Much has changed since then, undoubtedly. But, the central issue CARD grappled with and that led to the atomisation of that brief combined struggle against racial discrimination and for racial equality and social justice remains. Given the persistent failure of the state and its party structure to tackle many of the injustices and the structural displacement of African and Asian heritage people from opportunity and from the benefits in civil society which the rest of the population take for granted; given the ease with which the state, irrespective of the political party in power, seizes upon events such as 9/11 to curtail the freedom of movement of thousands of ordinary British citizens under the guise of preventing terrorism; given the treatment to which that section of the population that has systematically been rendered ‘surplus to requirements’, i.e, African heritage young people, is subjected year on year (school exclusion, low attainment, compromised life chances, police ‘Stops and Searches’, early criminalisation and imprisonment, labelling and marginalisation, high unemployment), the question remains as to whether ‘inclusion’ within these state systems is ever a substitute for the self-organisation and self empowerment of the masses of the population that is perennially failed by those same systems.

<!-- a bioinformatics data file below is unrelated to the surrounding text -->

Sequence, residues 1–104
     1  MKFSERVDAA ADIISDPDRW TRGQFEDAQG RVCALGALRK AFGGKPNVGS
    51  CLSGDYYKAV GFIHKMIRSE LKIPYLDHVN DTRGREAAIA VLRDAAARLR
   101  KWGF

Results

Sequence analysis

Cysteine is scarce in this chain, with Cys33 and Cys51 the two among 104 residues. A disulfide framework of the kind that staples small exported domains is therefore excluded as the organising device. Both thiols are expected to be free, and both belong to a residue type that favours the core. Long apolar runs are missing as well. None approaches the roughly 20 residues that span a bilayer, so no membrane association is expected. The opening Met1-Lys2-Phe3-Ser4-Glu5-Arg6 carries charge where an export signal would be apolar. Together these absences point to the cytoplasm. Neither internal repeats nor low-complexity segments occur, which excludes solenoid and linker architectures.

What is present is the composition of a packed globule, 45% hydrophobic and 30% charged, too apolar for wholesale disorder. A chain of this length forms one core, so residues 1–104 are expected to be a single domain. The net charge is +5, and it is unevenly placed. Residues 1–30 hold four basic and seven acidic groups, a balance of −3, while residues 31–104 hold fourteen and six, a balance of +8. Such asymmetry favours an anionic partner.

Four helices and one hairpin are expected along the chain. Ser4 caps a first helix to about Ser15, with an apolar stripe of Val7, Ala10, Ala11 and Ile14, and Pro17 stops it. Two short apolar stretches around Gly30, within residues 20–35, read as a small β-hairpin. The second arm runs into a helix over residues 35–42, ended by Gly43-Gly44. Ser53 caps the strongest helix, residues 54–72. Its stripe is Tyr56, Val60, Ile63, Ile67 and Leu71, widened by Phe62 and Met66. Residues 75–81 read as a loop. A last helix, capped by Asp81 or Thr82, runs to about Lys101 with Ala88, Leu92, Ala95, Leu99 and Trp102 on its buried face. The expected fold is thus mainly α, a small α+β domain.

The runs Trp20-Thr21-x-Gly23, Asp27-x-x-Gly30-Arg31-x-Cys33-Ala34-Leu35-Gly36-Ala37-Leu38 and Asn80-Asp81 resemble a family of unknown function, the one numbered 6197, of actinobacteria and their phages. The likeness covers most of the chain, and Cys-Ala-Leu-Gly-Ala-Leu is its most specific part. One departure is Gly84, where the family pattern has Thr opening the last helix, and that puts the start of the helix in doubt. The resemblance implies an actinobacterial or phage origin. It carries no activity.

There is a growing African and Asian middle class in Britain as in the post-civil rights United States. That middle class is increasingly buying access into the schooling and education system at a level it believes will equip its young with the qualifications and the cultural and social capital with which to compete in what they hope will be a ‘level playing field’. But, that middle class is also increasingly sceptical of the reasons for the persistence of the injustices faced by the ethnic group of which they are a part and of the need for independent, self-organised, collective, action. They therefore embrace willingly what the state itself valorises as evidence of openness and equality of opportunity, i.e., privatised and individualistic solutions to public ills.